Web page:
An axillary bud is la bud that is located where the leaf petiole is attached to the stem.
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axillary bud primordium An immature axillary bud.
The core of this glossary came from a work compiled by Mike Hammitt, WSU Master Gardener, and Teresa Welch, Oregon State University.
AXIL: Axillary bud occurrs in the axil or angle of leaf and stem; and axillary shoot which grows from the axil or angle of leaf and stem ...
IndeterminantA growth habit in which the main plant stem(s) (axis) remain(s) vegetative and in which flowers form on axillary buds; growth and flowering can continue indefinitely through the plant's life cycle as in cucumber and some tomato varieties.
Stem section cutting with a prominent axillary bud.
How to take cuttings
Take cuttings from vigorous, healthy shoots. Most cuttings should be 4 to 6 inches long. Cut just below a node (where a leaf is attached) with a sharp, clean knife.
If you look closely you may be able to see a small bud, called an ~. If the leaves have fallen and the stem is bare, look for the leaf scar that indicates where a leaf was attached at a node, and make the cut above that.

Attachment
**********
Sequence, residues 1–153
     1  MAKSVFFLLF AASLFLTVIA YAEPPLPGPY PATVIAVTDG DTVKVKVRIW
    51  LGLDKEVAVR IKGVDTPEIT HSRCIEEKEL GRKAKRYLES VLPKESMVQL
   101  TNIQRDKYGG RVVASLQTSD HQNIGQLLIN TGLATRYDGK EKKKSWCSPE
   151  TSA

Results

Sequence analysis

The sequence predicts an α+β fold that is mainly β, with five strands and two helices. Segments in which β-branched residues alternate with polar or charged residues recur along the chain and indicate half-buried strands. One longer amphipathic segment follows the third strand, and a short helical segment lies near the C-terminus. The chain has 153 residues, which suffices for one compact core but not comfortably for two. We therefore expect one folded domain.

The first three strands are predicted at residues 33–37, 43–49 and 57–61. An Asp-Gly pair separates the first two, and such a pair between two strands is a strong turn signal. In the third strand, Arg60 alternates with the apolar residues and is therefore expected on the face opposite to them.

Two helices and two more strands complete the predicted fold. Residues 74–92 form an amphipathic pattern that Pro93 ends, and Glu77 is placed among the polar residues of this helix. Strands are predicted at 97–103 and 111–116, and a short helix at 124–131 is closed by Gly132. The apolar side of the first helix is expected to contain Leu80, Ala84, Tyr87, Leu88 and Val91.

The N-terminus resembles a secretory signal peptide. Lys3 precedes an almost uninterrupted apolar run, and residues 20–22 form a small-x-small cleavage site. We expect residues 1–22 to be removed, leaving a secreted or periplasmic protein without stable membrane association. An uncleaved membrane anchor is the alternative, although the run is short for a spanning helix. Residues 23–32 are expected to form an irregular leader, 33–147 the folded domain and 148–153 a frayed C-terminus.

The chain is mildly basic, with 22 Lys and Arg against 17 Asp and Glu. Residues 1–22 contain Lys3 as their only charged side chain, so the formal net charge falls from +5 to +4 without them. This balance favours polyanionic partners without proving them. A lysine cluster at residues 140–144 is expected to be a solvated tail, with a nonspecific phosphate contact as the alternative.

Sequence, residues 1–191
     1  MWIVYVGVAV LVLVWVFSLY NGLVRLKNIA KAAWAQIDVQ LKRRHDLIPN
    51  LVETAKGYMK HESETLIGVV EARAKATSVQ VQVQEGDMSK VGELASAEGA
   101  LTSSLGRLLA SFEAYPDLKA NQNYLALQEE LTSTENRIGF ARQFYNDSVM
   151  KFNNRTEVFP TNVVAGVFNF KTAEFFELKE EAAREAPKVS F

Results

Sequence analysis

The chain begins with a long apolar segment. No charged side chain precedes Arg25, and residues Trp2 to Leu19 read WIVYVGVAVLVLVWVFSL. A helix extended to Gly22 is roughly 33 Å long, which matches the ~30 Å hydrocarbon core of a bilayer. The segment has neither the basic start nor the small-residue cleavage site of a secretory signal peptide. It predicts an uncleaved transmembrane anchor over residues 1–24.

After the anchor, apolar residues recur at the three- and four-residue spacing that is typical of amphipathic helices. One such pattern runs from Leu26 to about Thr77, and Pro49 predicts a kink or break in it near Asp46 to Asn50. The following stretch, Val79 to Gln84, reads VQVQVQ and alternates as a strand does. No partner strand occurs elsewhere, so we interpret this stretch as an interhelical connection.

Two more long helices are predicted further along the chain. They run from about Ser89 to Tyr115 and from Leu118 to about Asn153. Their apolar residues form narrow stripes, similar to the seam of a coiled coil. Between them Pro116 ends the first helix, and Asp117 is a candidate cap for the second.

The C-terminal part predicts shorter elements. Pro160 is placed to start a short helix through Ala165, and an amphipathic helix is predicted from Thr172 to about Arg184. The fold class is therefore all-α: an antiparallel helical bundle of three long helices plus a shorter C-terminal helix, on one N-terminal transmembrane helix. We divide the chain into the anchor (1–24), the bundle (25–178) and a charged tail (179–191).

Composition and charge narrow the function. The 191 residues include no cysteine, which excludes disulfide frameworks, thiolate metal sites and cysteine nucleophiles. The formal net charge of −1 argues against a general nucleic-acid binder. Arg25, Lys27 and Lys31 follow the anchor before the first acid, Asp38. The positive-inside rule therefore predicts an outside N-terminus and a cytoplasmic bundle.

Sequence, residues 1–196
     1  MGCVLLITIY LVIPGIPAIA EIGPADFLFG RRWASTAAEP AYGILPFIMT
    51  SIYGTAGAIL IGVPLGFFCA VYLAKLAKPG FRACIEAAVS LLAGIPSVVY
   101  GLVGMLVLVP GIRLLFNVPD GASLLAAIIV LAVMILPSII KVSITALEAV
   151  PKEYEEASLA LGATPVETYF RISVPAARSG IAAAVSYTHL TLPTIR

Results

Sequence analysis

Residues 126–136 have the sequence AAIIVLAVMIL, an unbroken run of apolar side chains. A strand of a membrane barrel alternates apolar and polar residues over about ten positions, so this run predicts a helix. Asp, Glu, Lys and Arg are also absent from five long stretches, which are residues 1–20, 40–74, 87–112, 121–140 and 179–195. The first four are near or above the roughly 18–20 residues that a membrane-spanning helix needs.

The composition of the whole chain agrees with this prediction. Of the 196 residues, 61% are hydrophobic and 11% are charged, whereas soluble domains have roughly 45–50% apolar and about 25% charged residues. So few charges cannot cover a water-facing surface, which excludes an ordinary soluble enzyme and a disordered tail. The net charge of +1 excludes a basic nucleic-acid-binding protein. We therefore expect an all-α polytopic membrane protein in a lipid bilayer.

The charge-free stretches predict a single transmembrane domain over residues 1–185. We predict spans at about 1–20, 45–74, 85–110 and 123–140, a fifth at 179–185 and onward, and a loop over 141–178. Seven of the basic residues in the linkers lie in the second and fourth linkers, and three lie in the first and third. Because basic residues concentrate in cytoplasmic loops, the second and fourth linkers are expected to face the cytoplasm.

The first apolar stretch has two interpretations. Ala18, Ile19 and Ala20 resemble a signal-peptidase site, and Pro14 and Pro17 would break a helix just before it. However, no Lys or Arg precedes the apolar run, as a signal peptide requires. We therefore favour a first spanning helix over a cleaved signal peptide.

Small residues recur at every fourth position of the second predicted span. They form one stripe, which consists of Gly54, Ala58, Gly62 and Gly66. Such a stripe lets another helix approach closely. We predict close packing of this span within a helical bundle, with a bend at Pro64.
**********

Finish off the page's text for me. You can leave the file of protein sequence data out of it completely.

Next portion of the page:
The space between the leaf and the main stem of a plant. A bud that's formed in this angle is referred to as an ~.
The space between the leaf and the main stem of a plant. A bud formed in this angle is referred to as an ~.
Adventitious roots are produced from shoot cells. These form when stem cells or ~s change purpose and divide into root tissue. Adventitious root growth is often spurred by low oxygen environments or high ethylene conditions.
Axillary: The buds formed at the junction of the petiole and stem of a plant are ~s. They may be either a leaf or a flower bud.
Axis: The main stem of a plant; or of a compound leaf or flower or fruit cluster.
Collateral Said of extra or supernumerary buds that are inserted on either side of a normal ~. Said of buds that grow side by side.
Comose Tufted with hairs.
Companion plant A plant making an showy, contrasting display or providing pollination ...
Whole leaf without petiole
This is used for plants with sessile leaves (no stalk or petiole). Insert the cutting vertically into the medium. A new plant will form from the ~. The leaf may be removed when the new plant has its own roots. (Example: donkey's tail).
The bud that may form in the angle formed by the petiole and stem is an ~. Leaves are a key way to identify a plant but also come in a myriad of leaf shapes, margins, arrangements, and blade shapes too numerous to mention here.
Infested terminals wilt and die back to the margin of feeding, and are commonly called "strikes" or "flagged shoots". Heavy twig infestations of nursery stock can adversely affect the shape of the tree. ~s often begin to grow when the terminal shoot is killed, ...
See also: What is the meaning of Axillary, Stem, Bud, Leaf, Plant?